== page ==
Review
Copyright ©The Author(s) 2020. Published by Baishideng Publishing Group Inc. All rights reserved.
World J Gastroenterol. May 14, 2020; 26(18): 2155-2165
Published online May 14, 2020. doi: 10.3748/wjg.v26.i18.2155
Natural products that target macrophages in treating non-alcoholic steatohepatitis
Chun-Lin Li, Wen-Jun Zhou, Guang Ji, Li Zhang
Chun-Lin Li, Wen-Jun Zhou, Guang Ji, Li Zhang, Institute of Digestive Diseases, Longhua Hospital, Shanghai University of Traditional Chinese Medicine, Shanghai 200032, China
ORCID number: Chun-Lin Li (0000-0003-3111-4919); Wen-Jun Zhou (0000-0003-4167-0337); Guang Ji (0000-0003-0842-3676); Li Zhang (0000-0002-5338-6096).
Author contributions: Zhang L and Ji G contributed to the conceptualization of this paper; Li CL and Zhou WJ contributed to original draft preparation; Zhang L reviewed and edited the manuscript; Li CL and Zhou WJ contribute equally to this work.
Supported by National Natural Science Foundation of China, No. 81774084 and No. 81803897.
Conflict-of-interest statement: The authors declare no conflict of interests for this article.
Open-Access: This article is an open-access article that was selected by an in-house editor and fully peer-reviewed by external reviewers. It is distributed in accordance with the Creative Commons Attribution NonCommercial (CC BY-NC 4.0) license, which permits others to distribute, remix, adapt, build upon this work non-commercially, and license their derivative works on different terms, provided the original work is properly cited and the use is non-commercial. See: http://creativecommons.org/licenses/by-nc/4.0/
Corresponding author: Li Zhang, MD, PhD, Senior Scientist, Institute of Digestive Diseases, Longhua Hospital, Shanghai University of Traditional Chinese Medicine, 725 South Wanping Road, Shanghai 200032, China. zhangli.hl@163.com
Received: January 10, 2020
Peer-review started: January 10, 2020
First decision: February 28, 2020
Revised: March 26, 2020
Accepted: April 24, 2020
Article in press: April 24, 2020
Published online: May 14, 2020

Abstract

Nonalcoholic steatohepatitis (NASH) is the progressive subtype of non-alcoholic fatty liver disease and potentiates risks for both hepatic and metabolic diseases. Although the pathophysiology of NASH is not completely understood, recent studies have revealed that macrophage activation is a major contributing factor for the disease progression. Macrophages integrate the immune response and metabolic process and have become promising targets for NASH therapy. Natural products are potential candidates for NASH treatment and have multifactorial underlying mechanisms. Macrophage involvement in the development of steatosis and inflammation in NASH has been widely investigated. In this review, we assess the evidence for natural products or their active ingredients in the modulation of macrophage activation, recruitment, and polarization, as well as the metabolic status of macrophages. Our work may highlight the possible natural products that target macrophages as potential treatment options for NASH.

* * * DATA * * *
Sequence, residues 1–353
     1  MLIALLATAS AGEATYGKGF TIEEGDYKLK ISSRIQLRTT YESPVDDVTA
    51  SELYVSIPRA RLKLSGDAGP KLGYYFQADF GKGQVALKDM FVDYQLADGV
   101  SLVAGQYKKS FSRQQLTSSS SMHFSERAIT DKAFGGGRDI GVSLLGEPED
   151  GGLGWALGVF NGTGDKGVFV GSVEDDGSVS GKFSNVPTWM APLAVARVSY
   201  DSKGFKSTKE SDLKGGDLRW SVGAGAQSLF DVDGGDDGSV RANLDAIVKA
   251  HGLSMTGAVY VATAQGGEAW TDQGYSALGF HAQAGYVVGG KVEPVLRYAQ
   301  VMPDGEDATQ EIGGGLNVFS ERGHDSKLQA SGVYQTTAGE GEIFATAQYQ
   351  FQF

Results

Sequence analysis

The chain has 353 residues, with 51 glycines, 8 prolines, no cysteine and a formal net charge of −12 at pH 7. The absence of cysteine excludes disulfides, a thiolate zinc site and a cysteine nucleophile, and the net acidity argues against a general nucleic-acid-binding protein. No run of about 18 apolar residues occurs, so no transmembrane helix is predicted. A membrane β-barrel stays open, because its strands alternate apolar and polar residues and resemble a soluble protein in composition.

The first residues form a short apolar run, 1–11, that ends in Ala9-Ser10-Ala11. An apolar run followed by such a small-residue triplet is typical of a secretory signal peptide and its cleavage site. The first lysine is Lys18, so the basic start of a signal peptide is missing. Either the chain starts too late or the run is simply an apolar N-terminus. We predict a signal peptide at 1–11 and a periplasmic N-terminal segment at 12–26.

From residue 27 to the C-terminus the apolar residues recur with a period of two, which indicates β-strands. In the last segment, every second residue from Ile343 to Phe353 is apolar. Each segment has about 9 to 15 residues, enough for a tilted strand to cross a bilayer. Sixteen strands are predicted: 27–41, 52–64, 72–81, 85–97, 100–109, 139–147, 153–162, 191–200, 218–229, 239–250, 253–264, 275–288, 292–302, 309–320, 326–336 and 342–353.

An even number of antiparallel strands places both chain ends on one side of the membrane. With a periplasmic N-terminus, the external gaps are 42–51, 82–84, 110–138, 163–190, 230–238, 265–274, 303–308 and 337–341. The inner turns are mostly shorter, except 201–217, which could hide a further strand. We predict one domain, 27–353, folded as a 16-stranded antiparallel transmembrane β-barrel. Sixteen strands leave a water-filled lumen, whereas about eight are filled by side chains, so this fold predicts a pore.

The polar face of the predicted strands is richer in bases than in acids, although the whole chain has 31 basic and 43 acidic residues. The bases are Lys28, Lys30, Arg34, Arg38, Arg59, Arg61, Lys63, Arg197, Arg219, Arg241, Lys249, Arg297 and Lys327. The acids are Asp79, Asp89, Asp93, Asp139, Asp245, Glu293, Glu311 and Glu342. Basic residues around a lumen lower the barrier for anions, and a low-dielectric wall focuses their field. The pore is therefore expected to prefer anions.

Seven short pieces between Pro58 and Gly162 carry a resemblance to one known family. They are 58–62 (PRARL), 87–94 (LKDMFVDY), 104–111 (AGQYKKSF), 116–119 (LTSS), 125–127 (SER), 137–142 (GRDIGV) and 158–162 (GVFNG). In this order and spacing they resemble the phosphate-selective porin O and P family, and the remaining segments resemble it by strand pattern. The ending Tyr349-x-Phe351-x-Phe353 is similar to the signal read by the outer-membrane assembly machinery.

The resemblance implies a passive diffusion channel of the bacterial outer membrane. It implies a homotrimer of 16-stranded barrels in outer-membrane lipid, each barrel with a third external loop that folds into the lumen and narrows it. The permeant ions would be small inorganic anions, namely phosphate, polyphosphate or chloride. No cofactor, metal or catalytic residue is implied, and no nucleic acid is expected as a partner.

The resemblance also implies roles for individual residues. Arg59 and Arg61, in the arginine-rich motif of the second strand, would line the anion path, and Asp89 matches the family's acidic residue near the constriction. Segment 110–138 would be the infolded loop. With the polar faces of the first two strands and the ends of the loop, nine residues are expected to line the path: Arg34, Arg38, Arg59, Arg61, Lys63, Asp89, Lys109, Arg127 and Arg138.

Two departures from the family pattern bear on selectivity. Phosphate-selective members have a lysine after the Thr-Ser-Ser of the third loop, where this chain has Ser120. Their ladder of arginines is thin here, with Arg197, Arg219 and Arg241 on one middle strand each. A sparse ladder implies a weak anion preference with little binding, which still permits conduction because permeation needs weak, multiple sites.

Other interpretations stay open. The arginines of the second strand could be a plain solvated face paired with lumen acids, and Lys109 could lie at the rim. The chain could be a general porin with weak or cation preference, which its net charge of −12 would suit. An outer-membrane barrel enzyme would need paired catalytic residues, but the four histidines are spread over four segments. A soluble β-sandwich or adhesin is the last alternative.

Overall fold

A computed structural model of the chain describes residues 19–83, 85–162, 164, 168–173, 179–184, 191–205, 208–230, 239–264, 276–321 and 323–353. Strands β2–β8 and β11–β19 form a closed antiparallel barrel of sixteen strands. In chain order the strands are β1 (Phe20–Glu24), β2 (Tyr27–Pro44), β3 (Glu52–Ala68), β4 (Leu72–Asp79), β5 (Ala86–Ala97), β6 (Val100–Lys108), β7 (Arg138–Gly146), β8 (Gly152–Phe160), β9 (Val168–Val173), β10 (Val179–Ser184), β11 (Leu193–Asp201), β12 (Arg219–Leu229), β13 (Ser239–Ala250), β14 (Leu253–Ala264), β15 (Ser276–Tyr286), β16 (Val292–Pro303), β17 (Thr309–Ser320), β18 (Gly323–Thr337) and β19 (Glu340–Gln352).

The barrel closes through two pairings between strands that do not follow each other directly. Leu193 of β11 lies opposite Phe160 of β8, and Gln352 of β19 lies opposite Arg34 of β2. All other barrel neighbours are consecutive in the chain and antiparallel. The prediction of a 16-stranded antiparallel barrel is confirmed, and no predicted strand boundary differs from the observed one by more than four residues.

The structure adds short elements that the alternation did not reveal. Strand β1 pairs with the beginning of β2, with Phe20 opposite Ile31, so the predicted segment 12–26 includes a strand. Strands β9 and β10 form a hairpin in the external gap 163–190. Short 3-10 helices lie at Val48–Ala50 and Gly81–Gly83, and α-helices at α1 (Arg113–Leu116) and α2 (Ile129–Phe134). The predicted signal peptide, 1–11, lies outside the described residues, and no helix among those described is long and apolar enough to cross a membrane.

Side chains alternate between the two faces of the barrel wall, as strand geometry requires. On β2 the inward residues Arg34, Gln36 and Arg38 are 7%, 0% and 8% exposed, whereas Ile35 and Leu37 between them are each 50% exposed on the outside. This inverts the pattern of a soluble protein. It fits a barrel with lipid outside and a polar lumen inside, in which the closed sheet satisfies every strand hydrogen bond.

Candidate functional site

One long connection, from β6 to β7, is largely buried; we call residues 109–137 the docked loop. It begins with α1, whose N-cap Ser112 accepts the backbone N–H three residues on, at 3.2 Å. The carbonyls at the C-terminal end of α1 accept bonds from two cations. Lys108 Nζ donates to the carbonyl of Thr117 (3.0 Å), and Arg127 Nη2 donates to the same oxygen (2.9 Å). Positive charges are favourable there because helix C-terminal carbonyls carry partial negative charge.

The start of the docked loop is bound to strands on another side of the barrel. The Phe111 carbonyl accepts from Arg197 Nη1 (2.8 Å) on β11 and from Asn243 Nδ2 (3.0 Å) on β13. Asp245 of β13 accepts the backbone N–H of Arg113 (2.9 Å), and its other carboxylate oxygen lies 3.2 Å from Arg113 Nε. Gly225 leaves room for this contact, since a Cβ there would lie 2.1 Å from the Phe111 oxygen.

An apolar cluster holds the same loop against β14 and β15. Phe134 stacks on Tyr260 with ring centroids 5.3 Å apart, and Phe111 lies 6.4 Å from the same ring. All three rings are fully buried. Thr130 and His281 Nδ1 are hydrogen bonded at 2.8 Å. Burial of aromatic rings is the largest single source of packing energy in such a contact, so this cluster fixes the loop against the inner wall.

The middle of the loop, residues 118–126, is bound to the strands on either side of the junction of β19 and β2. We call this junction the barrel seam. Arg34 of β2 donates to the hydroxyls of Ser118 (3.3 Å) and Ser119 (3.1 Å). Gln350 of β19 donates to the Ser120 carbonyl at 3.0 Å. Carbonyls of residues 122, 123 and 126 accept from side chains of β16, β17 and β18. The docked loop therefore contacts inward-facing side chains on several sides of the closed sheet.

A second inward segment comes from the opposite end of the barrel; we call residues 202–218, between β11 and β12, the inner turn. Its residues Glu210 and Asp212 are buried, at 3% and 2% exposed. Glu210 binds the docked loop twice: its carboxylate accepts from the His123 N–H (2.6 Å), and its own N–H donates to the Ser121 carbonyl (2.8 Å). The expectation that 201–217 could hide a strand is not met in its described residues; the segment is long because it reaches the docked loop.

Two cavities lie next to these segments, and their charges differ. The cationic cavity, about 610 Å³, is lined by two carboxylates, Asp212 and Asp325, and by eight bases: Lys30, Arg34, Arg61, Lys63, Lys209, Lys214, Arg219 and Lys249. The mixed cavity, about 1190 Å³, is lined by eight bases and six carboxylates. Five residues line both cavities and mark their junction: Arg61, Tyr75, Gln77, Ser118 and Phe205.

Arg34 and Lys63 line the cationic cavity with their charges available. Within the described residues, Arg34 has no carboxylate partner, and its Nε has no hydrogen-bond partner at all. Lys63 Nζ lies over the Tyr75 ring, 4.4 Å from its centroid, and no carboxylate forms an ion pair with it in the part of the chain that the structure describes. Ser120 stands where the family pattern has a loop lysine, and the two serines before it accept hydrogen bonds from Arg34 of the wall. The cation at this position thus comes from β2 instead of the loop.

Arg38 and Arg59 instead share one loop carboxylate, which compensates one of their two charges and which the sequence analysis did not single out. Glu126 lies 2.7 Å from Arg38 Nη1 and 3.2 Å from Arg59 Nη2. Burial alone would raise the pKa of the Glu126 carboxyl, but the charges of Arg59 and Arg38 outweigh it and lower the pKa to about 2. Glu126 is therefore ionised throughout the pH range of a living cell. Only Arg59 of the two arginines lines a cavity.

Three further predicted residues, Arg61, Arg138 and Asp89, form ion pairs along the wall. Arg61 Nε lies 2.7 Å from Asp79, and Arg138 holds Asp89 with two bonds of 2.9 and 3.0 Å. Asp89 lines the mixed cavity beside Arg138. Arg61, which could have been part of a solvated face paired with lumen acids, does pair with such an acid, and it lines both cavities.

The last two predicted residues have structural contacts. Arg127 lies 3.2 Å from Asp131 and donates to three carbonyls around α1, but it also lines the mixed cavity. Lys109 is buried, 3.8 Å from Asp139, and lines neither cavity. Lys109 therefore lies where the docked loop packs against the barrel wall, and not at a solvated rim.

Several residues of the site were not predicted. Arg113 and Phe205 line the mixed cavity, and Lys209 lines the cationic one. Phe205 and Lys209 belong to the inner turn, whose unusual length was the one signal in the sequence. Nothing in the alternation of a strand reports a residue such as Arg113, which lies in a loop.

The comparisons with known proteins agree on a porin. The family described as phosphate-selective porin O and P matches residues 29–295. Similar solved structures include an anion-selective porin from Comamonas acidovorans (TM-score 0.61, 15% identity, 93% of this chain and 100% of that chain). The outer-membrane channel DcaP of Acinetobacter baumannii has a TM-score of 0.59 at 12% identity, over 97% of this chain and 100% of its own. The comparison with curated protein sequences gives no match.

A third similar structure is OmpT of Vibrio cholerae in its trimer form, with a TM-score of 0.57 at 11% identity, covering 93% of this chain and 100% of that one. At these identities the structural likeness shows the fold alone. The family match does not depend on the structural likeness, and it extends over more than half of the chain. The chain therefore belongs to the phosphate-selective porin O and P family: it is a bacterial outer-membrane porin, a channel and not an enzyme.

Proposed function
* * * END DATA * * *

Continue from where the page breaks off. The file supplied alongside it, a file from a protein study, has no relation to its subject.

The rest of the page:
Key Words: Nonalcoholic steatohepatitis, Macrophages, Natural products, Inflammation, Metabolism

Core tip: Macrophages play a pivotal role in the pathogenesis of nonalcoholic steatohepatitis. Here we discuss the evidence for natural products or their active ingredients in the modulation of macrophage activation, recruitment, and polarization, as well as the metabolic status of macrophages. Our work may highlight the possible natural products that target macrophages as potential treatment options for nonalcoholic steatohepatitis.



INTRODUCTION

Non-alcoholic fatty liver disease (NAFLD) is a common liver disease worldwide[1]. Approximately one-quarter of the population suffer from NAFLD[1], and approximately 30% of patients with NAFLD progress to the inflammatory subtype-nonalcoholic steatohepatitis (NASH)[2]. NASH is characterized by steatosis, inflammation, and fibrosis, and serves as a potential risk factor for hepatocellular carcinoma[3]. Lifestyle interventions, such as dieting and exercise, are the general recommendation for NAFLD[4]. Weight control is of great importance, and a weight loss of 7% to 10% can histologically attenuate NASH in patients[5]. Even without weight loss, patients with NAFLD benefit from exercise by improving insulin sensitivity and reducing hepatic lipid content[3,6,7]. However, not all patients are willing or suitable for such interventions, thus making pharmacological agents urgently needed. Although the pathophysiology and treatment of NASH have been extensively investigated, authorized pharmacological agents that are specific for NASH are not yet available.